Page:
Saturday, October 5, 2013

All about Halloween

 I  haven't raised pumpkins since 1995, the last year there were grandchiuldren living nearby who wanted to carve fancy Jack o' Lanterns.  That row of pumpkins above provided Reed and Ely with so many choices they didn’t even argue about who got which. 

Back in the Middle Ages the date Oct 31st was not Halloween, it was referred to as New Year’s Eve. The druids (I had to look that up to discover druids were priests) celebrated the date by throwing a few black cats onto their bonfire to placate the witches in the area. Eventually New Year’s Eve was changed to All Hallow’s Eve, and the towns folk got into the act, dressing up as saints and devils, and dancing in the street.

In America  October 31st was called “Mischief Night” when ghosts roamed the countryside curdling milk and tipping over outhouses.  By the time I was a kid  the date had become Halloween.  It involved candy apples, popcorn and “witches’ teeth,”  and if folks weren’t sensible enough to stay home to hand out such treats, they’d be greeted with soaped windows, and strewn toilet paper on their return.

By the time my kids were old enough to  trick or treat,  it was Mars Bars and Milky Ways or  windows sprayed with shaving cream and more strewn toilet paper.  The costumes I made my three girls were considered old-fashioned by their friends who paraded around in store-bought Richard Nixon masks and authentic looking space suits and goblin garb. Fortunately  candy stuffed with razor blades and drugs were still a few years away.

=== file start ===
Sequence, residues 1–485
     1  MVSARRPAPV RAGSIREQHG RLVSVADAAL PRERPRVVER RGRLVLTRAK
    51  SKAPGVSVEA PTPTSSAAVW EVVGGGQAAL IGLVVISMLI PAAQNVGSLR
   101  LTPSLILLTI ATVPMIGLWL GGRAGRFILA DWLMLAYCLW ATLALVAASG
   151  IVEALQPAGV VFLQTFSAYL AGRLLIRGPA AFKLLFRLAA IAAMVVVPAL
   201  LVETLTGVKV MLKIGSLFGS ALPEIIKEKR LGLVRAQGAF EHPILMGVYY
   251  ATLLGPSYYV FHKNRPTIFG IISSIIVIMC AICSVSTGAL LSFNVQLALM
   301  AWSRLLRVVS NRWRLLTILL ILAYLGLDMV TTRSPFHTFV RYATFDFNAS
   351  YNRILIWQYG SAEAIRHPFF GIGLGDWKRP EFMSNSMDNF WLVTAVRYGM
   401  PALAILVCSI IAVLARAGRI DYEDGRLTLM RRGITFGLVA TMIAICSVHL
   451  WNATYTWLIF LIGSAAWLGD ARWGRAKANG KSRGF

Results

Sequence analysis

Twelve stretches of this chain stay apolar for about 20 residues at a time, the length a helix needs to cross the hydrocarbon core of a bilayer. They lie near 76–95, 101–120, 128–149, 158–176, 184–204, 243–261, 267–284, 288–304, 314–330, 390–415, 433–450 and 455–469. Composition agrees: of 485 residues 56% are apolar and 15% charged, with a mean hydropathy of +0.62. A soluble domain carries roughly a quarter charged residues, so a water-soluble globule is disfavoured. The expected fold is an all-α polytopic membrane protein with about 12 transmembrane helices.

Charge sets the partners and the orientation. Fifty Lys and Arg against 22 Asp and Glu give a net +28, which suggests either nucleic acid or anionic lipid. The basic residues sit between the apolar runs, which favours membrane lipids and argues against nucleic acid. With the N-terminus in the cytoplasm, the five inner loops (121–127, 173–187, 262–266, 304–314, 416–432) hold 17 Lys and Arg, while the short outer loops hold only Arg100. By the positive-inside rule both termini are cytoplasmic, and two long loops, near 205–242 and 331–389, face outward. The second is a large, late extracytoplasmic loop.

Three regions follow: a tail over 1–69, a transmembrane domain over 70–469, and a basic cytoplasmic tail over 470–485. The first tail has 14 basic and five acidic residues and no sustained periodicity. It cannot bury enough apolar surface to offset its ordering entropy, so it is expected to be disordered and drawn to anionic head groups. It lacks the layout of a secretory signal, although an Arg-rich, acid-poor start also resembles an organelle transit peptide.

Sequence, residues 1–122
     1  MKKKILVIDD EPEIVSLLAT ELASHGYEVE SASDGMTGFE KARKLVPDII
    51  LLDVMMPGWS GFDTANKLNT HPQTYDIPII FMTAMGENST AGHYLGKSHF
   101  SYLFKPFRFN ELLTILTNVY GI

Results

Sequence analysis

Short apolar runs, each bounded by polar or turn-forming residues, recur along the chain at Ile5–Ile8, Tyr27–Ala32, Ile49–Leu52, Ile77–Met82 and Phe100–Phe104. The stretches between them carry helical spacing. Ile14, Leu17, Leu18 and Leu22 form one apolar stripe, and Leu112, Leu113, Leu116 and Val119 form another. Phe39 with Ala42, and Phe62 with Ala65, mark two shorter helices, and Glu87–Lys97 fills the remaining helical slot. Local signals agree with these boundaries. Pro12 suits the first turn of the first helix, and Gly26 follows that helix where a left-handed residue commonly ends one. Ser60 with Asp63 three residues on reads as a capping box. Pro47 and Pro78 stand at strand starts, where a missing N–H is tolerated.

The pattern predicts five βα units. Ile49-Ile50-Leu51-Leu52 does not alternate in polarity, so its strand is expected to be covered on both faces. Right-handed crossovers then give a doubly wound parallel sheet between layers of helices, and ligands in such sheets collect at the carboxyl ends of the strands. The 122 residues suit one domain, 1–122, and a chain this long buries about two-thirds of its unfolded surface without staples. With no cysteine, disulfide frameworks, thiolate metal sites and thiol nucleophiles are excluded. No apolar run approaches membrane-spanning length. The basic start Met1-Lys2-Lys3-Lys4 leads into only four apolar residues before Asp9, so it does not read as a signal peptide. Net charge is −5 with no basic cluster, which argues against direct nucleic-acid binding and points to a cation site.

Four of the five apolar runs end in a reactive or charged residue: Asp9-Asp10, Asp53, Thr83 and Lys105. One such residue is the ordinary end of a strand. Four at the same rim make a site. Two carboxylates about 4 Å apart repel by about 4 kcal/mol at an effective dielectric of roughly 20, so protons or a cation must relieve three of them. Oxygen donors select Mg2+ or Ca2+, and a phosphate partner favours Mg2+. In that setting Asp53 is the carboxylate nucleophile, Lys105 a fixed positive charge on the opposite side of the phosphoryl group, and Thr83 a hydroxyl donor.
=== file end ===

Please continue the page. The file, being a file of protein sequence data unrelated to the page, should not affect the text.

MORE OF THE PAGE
Tricks and treats and costumes may change with the generations over the years, but one part of Halloween has been around for centuries, the jack-o-lantern.  In Ireland where these carvings originated, they were made from large turnips or rutabagas, but in this country they have always been carved on fat orange pumpkins.

 Having priced a few pumpkin at various farm stands this week,  I suspect quite a few gardeners who have children will grow some themselves next summer, so here are a few suggestions.  Pumpkin vines  take up a lot of room so I plant mine out by the manure pile instead of in the vegetable  garden.  Pumpkins do not like to be transplanted, so they should be started where they will grow.  To get a head start, plant the seeds in a sod.  Dig up a shovelful of grass from a field, turn it upside down and plant some seeds in it  indoor in March.

Since I now have a great grandson who visits Locust Hill each August, I may grow a few pumpkins next summer myself, and  personalize them for Twain. When a pumpkin is still young, you can take a carrot peeler and gouge out a child’s name or initials with the tip.  As the pumpkin grows these cuts heal over and the name will be branded in the pumpkin’s flesh.

Have a happy Holloween, and remember, if you bring jack o’ lanterns in the house, the warm temperatures will make them rot in a hurry.  Left outside they’ll last much longer.  

1 comment:

  1. I love the idea of starting pumpkins early in a square of sod! We look forward to seeing the Twain pumpkin next year. xo brittany, nathan, and twain